by Derek Cassoff
Keith Pruden was certainly no stranger to winning when he arrived at Concordia four years ago to head the University's women's basketball program. As an assistant coach at the University of Winnipeg, he had a front-row seat as the Wesmen won a North American record of 88 straight games, including three consecutive national championships.
While Pruden says he has no expectation of ever duplicating that amazing win streak, he has the Stingers on track to become one of the country's top college basketball powerhouses -- a notion that was unfamiliar just a few years ago when the program struggled through a prolonged period of mediocrity.
"I came from a program where success was like a routine and it was great being in that atmosphere," said Pruden, 32. "I see great potential here and my goal is to keep this team as competitive as possible for the next 15 years."
The Stingers made their third straight appearance in CIAU championship last weekend in Thunder Bay, Ont., finishing sixth for the third year in a row.
Seeded eighth, they lost to the top-ranked University of Victoria Vikes in their opening game and were relegated to the consolation round, where they beat McMaster and lost to the University of Regina.
"Overall, the girls played well," said Pruden, named Coach of the Year in the Quebec league. "You don't like to lose your first game, but the kids should be proud that they made it to the nationals. Finishing sixth in the country is nothing to be disappointed about."
The son of legendary college basketball coach Vic Pruden, Keith Pruden began coaching when he was 15, starting out with a junior high school team in his native Winnipeg. By 21, he joined the coaching staff at the University of Winnipeg, where he stayed for seven seasons. Offered the head coaching job with Concordia in 1995, he says it was an opportunity he could not turn down, despite the Stingers' checkered past on the court, which had included only two conference championships in the previous 11 seasons.
"Concordia had always had a fair amount of talent, but varied levels of success," he said. "I never really asked why and I didn't want to know. As far as I was concerned, past history was irrelevant."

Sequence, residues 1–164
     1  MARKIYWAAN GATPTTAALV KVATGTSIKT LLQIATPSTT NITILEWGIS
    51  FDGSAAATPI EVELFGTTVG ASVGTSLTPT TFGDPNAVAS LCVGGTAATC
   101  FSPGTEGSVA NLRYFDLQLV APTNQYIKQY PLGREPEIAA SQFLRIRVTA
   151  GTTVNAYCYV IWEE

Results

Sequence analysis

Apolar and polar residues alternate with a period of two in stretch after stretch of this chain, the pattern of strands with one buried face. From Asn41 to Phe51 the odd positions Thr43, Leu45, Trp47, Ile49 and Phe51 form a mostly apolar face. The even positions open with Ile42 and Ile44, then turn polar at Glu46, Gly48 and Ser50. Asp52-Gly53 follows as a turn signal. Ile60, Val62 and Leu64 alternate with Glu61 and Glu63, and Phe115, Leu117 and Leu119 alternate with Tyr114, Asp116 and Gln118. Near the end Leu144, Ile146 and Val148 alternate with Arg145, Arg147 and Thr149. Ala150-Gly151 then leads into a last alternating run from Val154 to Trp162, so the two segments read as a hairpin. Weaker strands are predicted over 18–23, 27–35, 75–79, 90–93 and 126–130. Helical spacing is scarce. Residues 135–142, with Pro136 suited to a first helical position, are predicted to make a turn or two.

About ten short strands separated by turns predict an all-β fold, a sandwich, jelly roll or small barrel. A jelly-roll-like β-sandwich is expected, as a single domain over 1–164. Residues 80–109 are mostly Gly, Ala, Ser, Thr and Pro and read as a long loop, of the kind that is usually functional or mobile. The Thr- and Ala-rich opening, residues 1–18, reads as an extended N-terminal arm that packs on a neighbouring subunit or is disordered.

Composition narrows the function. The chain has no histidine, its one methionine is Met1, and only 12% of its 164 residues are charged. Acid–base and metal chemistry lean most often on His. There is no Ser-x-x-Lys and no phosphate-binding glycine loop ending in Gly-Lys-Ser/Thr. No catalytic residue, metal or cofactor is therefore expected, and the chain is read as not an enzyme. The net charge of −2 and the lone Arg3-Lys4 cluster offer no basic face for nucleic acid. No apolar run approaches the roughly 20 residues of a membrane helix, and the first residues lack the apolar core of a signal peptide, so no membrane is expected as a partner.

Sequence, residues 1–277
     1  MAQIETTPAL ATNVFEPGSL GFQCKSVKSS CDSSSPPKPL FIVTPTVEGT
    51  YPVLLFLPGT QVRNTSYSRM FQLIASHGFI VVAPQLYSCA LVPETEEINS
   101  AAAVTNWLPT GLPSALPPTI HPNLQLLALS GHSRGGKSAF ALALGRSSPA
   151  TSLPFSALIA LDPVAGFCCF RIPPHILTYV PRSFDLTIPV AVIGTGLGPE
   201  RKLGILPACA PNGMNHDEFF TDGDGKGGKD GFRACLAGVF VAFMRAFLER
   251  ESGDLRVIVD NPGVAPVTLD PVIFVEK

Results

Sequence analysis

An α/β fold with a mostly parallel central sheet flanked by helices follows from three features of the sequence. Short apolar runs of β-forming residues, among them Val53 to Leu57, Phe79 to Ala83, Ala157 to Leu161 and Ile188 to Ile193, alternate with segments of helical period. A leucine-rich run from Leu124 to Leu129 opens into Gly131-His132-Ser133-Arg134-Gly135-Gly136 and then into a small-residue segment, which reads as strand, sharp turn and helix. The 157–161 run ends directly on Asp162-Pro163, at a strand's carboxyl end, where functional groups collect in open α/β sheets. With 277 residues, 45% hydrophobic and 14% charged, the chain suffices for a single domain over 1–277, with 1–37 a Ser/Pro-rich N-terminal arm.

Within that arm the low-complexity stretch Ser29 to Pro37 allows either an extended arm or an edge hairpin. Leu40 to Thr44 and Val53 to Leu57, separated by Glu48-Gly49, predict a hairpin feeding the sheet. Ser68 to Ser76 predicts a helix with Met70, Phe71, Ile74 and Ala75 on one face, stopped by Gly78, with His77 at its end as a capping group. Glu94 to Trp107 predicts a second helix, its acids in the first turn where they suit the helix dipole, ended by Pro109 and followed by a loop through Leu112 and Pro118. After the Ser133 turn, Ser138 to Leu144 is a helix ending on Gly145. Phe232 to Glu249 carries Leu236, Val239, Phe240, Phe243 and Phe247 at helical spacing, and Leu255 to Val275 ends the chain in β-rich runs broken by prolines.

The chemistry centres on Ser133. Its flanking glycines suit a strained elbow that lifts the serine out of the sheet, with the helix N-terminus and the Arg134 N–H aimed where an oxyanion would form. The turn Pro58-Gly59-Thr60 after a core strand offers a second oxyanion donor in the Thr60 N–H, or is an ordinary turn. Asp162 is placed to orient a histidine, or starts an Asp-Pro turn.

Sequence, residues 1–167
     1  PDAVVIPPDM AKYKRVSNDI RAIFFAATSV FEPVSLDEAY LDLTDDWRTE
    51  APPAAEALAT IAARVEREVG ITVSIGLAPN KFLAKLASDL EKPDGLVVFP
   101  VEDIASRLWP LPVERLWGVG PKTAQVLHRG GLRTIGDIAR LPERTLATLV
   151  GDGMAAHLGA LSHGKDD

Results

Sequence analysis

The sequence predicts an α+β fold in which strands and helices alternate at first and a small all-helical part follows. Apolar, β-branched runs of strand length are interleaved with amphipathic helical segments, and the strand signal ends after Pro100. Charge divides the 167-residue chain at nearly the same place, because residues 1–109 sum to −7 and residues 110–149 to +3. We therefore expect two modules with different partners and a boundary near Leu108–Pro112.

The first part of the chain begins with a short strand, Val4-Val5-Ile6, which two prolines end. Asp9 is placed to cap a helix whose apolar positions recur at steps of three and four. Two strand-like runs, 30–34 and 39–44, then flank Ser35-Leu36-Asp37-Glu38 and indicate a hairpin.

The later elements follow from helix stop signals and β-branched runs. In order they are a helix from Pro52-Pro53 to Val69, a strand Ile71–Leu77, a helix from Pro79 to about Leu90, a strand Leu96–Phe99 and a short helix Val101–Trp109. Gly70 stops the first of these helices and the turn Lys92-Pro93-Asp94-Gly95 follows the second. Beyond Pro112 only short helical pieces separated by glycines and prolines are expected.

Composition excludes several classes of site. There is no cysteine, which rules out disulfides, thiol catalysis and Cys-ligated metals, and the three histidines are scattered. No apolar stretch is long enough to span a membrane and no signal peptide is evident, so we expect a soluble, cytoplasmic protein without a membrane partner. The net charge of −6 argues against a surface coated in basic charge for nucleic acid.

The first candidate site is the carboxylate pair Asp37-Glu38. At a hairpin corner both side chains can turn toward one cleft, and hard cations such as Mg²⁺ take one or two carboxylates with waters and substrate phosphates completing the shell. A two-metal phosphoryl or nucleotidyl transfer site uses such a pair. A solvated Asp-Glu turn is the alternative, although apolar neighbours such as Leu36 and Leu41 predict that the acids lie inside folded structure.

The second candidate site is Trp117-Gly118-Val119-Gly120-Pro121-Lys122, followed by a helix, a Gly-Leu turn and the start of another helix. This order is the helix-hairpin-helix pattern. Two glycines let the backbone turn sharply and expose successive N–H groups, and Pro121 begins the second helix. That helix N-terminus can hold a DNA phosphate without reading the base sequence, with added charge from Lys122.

Instead, Pruden went about revamping the program from the ground up, injecting the team with a sense of structure, which extended from their play on the court to the players' training regimen away from the gym. And with the exception of his first season -- when the team lost 16 of its 30 games and bowed out from the post-season in the conference semifinal -- Pruden has turned the Stingers into Quebec's dominating force, posting a 43-17 record in league play since then to go along with the three straight berths in the nationals.
"I want other schools to be afraid to play us, afraid that they're going to lose by 100 points," he said. "That's a new feeling for most of our players."
Along the way, Pruden has become more involved in the varied aspects of University life. He recently started a new job as Coordinator of Student Affairs, where he is responsible for establishing relationships between the Dean of Students Office and the dozens of student groups and associations on campus. He's also taking a graduate course in American history in the hopes of finishing a Master's degree that he started in Manitoba.
"It's certainly possible to coach and do nothing else," he said, "but that gets boring after a while."
Aw, come on, ref
Eric Zulu pleads for mercy during a game at the Quebec men's basketball conference champion-ships, held in Lennoxville. The Stingers had a great season, but were defeated in the final best-of-three series by the Bishop's Gaiters.